This month's Patron selected Closer Look didn't take long to get selected. Flower of Light, created by Shujj feels like an early ZZT world that somehow fell into 2004.
The ZZT community was already creating outsider art, and what we have here is outsider art to these outsiders. The ZZT community in the early 2000s when this game was released was a mix of Americans, Canadians, Brits, Dutch, and New Zealanders. Here however, we have a game created by somebody (most likely) from India. Shujj credits the game's story as being a retelling of a film called "Gul-E-Bakawali". That film appears to be a 1939 film that's in the Punjabi language.
The film itself is based on a book, so we're a few layers deep before we get to the ZZT game. What we have here is a non-native English speaker's attempt of retelling the story in ZZT who has found ZZT but not interacted with its community, which gives the game its out of place feel. I'd guess that Shujj found some early classic ZZT worlds, and Super Tool Kit (or some other toolkits) and basically worked in a vacuum. The end result feels very strange for a ZZT game as it doesn't follow the "rules" of design that the mainstream ZZT community had constructed over the years.
The title screen is your basic color flashing large text, with some simple art of what this flower of light happens to look like. The strangest choice is the epsilon character being used to create depth in the lettering. I wonder if this is a case where Shujj's computer used a different code page for MS-DOS character graphics and something here is lost in translation. Alas Googling for this sort of thing mostly brings up nothing but unicode related information, and while wikipedia has an extensive category of character sets, I'm basically clicking at random. Aside from this single board, none of the graphics elsewhere look out of place, so who knows!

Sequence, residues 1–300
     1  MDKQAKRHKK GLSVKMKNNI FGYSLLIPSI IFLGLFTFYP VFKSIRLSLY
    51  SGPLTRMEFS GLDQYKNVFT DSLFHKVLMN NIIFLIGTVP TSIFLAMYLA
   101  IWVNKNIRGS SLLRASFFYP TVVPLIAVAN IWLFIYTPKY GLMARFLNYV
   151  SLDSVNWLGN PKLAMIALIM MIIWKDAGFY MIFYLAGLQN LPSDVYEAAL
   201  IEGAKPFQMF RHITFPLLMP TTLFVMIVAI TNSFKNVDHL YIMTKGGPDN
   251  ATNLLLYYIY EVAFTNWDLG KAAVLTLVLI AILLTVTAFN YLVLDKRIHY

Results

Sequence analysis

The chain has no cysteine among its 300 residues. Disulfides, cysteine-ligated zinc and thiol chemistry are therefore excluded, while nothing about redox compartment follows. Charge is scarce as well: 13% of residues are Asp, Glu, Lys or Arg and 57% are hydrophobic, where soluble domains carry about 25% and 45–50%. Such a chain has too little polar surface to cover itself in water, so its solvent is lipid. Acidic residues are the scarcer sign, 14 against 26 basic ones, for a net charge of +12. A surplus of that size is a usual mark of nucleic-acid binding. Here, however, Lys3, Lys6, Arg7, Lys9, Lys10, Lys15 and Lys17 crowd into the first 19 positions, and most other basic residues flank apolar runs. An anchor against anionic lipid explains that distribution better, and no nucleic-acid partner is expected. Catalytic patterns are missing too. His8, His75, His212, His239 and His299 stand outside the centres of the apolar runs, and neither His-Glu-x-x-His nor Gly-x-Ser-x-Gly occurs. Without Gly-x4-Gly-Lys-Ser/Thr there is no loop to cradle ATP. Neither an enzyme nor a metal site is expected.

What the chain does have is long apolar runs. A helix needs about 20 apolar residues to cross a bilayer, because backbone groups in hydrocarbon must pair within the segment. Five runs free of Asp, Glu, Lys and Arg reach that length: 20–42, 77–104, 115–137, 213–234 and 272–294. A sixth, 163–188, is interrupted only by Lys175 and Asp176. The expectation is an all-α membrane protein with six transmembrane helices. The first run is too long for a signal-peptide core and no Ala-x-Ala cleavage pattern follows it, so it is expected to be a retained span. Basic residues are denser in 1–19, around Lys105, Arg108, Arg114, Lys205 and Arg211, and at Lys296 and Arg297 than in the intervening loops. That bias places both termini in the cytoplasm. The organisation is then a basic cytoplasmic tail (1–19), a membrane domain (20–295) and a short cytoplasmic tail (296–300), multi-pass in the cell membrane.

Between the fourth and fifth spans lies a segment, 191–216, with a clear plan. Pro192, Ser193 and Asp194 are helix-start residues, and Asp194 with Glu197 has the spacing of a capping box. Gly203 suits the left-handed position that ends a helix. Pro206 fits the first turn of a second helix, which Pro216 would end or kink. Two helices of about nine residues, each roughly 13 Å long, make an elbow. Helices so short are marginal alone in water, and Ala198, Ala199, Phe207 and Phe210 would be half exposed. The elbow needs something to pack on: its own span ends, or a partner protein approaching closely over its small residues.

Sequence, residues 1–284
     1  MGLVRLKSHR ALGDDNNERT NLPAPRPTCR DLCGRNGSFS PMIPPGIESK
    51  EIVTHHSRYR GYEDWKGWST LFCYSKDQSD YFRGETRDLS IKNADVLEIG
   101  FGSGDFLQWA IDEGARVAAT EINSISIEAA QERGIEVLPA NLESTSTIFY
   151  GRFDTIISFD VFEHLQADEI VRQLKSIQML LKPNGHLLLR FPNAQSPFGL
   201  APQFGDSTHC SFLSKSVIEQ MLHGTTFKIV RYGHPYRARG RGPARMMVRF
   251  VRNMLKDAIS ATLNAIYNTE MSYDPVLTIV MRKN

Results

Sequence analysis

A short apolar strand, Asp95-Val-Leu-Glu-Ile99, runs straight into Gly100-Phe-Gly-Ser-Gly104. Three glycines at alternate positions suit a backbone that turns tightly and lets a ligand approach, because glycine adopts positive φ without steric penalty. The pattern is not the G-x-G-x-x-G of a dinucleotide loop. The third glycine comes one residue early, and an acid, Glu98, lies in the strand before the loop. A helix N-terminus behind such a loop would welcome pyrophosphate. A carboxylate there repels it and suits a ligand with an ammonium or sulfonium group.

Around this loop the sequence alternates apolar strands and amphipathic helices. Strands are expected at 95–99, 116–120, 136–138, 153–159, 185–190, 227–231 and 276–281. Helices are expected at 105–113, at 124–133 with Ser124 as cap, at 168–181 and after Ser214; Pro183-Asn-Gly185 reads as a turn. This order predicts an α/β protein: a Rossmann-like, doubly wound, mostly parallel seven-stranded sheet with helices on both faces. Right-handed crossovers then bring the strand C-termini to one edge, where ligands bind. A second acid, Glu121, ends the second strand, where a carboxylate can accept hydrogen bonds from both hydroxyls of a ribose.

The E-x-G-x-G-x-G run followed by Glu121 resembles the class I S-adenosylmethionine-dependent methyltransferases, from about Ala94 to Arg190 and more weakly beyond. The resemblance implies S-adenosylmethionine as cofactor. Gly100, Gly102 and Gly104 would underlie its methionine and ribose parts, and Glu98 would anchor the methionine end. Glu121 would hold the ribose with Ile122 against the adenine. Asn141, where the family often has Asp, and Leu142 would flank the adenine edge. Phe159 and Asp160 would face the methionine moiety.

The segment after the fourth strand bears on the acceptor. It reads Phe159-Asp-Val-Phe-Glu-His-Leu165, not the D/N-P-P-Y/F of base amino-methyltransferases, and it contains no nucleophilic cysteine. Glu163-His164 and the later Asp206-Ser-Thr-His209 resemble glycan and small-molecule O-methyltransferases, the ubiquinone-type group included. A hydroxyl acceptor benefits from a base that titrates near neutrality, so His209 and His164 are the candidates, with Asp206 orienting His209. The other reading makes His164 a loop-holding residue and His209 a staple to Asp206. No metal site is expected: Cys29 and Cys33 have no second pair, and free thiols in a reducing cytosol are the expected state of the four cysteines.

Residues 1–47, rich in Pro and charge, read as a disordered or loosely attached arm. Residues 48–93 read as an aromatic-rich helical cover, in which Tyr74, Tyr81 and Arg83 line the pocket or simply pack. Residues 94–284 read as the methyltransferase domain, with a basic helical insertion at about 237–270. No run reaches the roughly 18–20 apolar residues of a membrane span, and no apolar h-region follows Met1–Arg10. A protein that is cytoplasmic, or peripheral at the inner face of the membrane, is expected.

There's some very slick text art that loops on the bottom of the screen as well. There's also some music, but it's very very grating to listen to and sounds a lot like mashed keys.
The game opens to a quick backstory which sums up the game's plot. The king was cursed to go blind if he ever saw his firstborn son. You play as that son who was raised without ever seeing his father until a chance encounter when out hunting. The king is blinded, but a magical flower that grows in fairy land can cure it. You set out to restore your father's eyesight as do your siblings who are more interested in the reward of half the empire.
The writing in this game is not very good. It's certainly just an issue of English being a second language. For the most part there's no difficulty in understanding the author's intent, so while it's off sounding, it's not so distracting as to really negatively impact the game.
Oh, and also the fairy queen is touring Earth for her birthday, but she's not allowed to meet any men while she's there.
I like the weird stripes around here for some reason?
The gameplay begins soon after, with one last bit of text to bring the player to the prince's current location on his journey.
Shujj wastes no time and starts the prince off in the middle of a forest filled with lions, tigers, and snakes. Fortunately the player is armed with 100 arrows.
And also right away we get the unique visuals of this game. The stark contrast between the more modern dark greens of the grass and path versus the very classical ZZT looking bright green on black trees. It's a style that you really won't see anywhere else.
There are also some yellow and red fruits that the prince can consume for a few points of health.
There's a mixed understanding of ZZT's mechanics on display. The author knows to have fruit #become fake rather than #die in order to prevent empties from appearing, but not that you can put a fake wall under the player to prevent the empty tile that does appear in the center. The trees look nice, but have breakables and water which mean bullets can cross over or destroy parts of them.
And none of these things should be seen as deal breakers, but developed independently it's interesting to see what design ideas Shujj has that would be discouraged or encouraged within the main ZZT community of the time.
To the north are more stock enemies (and snakes) plus several dead combatants who met their demise in battle.
Ammo is replenished by picking up the leftovers from the fight, and the prince is free to continue along the path.